I’m currently reading The Essays of Warren Buffett: Lessons for Corporate America, Third Edition and while I’m tempted to repeat every little tidbit of wisdom on this blog I’ve thus far been successful at not completely plagiarizing the author’s work. Below is a fantastic little excerpt on Gold.
Today the world’s gold stock is about 170,000 metric tons. If all of this gold were melded together, it would form a cube of about 68 feet per side. (Picture it fitting comfortably within a baseball infield.) At $ 1,750 per ounce— gold’s price as I write this— its value would be $ 9.6 trillion. Call this cube pile A.
Let’s now create a pile B costing an equal amount. For that, we could buy all U.S. cropland (400 million acres with output of about $ 200 billion annually), plus 16 Exxon Mobils (the world’s most profitable company, one earning more than $ 40 billion annually). After these purchases, we would have about $ 1 trillion left over for walking-around money (no sense feeling strapped after this buying binge). Can you imagine an investor with $ 9.6 trillion selecting pile A over pile B?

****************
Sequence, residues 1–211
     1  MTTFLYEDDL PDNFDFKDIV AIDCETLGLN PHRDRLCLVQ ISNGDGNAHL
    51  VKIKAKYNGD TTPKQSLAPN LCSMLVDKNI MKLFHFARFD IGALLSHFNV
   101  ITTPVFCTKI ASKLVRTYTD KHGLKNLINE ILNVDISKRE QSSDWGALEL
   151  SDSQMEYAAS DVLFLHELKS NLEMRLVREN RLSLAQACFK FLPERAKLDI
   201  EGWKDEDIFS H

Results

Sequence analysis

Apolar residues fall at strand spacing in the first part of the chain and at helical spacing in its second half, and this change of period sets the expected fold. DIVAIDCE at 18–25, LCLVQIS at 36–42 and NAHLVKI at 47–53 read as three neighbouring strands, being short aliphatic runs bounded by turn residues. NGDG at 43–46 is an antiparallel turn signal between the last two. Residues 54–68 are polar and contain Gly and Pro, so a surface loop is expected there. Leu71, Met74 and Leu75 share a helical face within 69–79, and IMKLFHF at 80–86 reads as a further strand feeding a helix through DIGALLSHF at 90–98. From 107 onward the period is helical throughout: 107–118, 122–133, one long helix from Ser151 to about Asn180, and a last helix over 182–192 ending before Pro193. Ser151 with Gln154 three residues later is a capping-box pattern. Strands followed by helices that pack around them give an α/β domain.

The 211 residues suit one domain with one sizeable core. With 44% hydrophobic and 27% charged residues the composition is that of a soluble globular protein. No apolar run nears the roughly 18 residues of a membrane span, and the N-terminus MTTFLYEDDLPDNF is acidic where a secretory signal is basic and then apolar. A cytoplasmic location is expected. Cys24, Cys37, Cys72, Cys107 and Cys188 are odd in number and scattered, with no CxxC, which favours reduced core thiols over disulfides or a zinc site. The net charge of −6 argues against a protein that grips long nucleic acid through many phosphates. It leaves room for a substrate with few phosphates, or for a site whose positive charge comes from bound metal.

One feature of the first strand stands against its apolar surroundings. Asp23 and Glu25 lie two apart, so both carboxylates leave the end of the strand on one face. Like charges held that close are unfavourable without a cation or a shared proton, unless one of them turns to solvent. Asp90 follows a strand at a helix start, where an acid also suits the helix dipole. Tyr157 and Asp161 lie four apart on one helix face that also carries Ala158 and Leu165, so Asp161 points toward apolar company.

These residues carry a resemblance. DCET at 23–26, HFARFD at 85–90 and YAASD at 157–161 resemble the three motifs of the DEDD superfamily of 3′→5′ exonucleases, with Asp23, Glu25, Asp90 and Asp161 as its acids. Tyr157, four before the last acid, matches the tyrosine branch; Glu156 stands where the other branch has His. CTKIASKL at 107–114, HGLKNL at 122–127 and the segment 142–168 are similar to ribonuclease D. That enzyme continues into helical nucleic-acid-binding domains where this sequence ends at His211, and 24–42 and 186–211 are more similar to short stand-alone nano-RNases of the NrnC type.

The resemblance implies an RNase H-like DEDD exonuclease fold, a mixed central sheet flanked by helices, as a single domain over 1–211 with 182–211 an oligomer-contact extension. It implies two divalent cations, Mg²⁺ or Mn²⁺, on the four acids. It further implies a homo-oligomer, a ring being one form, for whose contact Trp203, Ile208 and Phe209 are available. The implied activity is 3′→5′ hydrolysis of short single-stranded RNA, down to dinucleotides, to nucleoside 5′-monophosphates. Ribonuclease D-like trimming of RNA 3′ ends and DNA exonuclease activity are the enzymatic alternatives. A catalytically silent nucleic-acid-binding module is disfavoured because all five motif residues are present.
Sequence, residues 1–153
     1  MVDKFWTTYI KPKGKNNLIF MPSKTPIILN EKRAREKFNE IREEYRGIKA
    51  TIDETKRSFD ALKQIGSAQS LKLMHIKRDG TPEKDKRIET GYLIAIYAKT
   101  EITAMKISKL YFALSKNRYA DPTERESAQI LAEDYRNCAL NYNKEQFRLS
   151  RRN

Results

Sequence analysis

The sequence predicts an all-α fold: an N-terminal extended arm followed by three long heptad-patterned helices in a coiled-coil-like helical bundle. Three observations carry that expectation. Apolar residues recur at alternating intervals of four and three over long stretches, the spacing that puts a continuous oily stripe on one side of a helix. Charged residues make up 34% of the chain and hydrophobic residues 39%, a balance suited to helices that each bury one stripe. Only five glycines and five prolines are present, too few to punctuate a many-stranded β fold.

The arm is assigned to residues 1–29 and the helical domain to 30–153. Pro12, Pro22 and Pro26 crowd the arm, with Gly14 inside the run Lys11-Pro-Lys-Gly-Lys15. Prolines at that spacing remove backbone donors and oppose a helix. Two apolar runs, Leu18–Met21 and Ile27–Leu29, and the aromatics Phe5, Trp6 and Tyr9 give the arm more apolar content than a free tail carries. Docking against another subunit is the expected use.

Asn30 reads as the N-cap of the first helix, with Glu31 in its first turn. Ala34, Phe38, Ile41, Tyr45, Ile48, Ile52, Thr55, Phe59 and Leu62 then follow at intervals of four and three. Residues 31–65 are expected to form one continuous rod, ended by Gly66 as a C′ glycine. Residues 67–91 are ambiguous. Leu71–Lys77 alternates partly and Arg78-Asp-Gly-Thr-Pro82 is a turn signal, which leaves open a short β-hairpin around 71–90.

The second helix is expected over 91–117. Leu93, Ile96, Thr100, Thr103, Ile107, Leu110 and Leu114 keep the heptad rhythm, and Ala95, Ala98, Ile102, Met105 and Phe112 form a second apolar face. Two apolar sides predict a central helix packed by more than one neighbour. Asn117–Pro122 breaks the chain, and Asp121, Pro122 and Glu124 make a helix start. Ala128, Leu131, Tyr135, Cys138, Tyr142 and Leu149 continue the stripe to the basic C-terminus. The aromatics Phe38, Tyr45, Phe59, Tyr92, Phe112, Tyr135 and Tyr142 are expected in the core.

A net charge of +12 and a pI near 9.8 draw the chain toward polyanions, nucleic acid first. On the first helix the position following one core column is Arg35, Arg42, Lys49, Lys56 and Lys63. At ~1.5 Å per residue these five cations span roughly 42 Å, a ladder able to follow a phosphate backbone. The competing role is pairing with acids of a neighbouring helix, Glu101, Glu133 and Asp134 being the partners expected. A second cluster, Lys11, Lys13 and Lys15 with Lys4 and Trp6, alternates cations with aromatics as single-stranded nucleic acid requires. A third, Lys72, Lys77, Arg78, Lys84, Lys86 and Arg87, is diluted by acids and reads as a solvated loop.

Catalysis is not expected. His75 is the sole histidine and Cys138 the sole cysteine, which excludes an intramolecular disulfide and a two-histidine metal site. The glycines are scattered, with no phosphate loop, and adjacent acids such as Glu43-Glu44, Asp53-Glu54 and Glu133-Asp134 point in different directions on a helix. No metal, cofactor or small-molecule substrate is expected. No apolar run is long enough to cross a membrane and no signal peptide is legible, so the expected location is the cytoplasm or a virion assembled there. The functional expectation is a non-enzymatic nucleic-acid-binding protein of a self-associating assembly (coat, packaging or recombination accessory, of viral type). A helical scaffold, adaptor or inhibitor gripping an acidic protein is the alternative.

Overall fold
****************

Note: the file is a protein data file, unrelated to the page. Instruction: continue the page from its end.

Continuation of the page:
— Cunningham, Lawrence A.; Buffett, Warren E. (2013-03-01). The Essays of Warren Buffett: Lessons for Corporate America, Third Edition (Kindle Locations 2516-2522). Carolina Academic Press. Kindle Edition.
As a side note I’ve whole heartedly adopted the Kindle app as my e-reader of choice (I have an iPad & a MacBook Air). While I like iBooks I find the books on Amazon to be generally cheaper than iTunes and there are more ways to access your books (Kindle app for ipad, the internet, and a Kindle app for OSX). Although I’ve heard that Mavericks will have an iBook app when it is released later this year so stay tuned.